#Sorting data
cases=x.loc[:,"Active Cases"]
populationlist=x.loc[:,"Population"]
cases2=x.loc[:,"Total Cases"]
literacyrate=x.loc[:,"Literacy rate "]
deaths=x.loc[:,"Deaths"]
gdspc=x.loc[:,"GDP per capita"]
gdspt=x.loc[:,"Total GDP"]
gdphealth=x.loc[:,"Healthcare  expenditure"]
deaths2=x.loc[:,"Death2"]
homeless=x.loc[:,"Homeless"]
totals2=x.loc[:,"Total2"]
deaths3=x.loc[:,"Death3"]

#Initialising lists
pop=list()
active=list()
total=list()
literacy=list()
death=list()
gdp=list()
gdpt=list()
gdph=list()
death2=list()
home=list()
total2=list()
death3=list()

#extracting useful data
for index in cases:
    active.append(index)
for index in populationlist:
    pop.append(index)
for index in cases2:
    total.append(index)
for index in literacyrate:
    literacy.append(index)
for index in deaths:
    death.append(index)
for index in gdspc:
    gdp.append(index)
for index in gdspt:
    gdpt.append(index)
for index in gdphealth:
    if index>0.0:
        gdph.append(index)
for index in deaths2:
    if index>0.0:
        death2.append(index)
for index in homeless:
    if index>0.0:
        home.append(index)
for index in totals2:
    if index>0.0:
        total2.append(index)
for index in deaths3:
    if index>0.0:
        death3.append(index

Plotting scatter graphs

This section is the longest section of this program. It runs a choice-driven menu which makes it easier to revisit any scatter graph for any number of times, and exit the program when the user demands it. Choices 1-10 plot scatter graphs using matplotlib.pyplot and choice 11 exits the program.


i=True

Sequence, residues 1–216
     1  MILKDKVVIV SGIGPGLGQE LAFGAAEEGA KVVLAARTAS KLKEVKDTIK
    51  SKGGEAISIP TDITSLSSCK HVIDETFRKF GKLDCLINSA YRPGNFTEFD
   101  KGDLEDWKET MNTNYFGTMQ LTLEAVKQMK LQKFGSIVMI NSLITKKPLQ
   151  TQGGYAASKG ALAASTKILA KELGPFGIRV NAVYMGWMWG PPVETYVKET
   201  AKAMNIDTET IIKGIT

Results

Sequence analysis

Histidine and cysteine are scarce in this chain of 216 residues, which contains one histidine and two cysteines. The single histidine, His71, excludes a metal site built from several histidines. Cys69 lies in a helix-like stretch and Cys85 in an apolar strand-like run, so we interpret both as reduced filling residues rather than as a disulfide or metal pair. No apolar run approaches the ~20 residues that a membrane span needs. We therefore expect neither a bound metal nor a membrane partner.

while i==True:
    y=input('''Select your choice of Plot :
                1) Active Corona cases vs Population in various states
                2) Total Corona cases vs Population in various states
                3) Total number of deaths vs Active cases of state
                4) Total number of deaths vs Total cases of state
                5) Total Corona cases vs Literacy rate in various states
                6) Active Corona cases vs Literacy rate in various states
                7) Total number of deaths vs Total GDP of state
                8) Total number of deaths vs Total Healthcare expenditure of state
                9) Total number of deaths vs Total homeless people in  state
                10) Total number of cases vs Percentage of Homeless people
                11) Exit \n''')
    if y == '1':
        plt.scatter(np.log(active),np.log(pop))
        plt.title("Active Corona cases vs Population in various states")
        plt.xlabel("log(Active cases)")
        plt.ylabel("log(Population in a state)")
        plt.show()
    elif y == '2':
        plt.scatter(np.log(total),np.log(pop))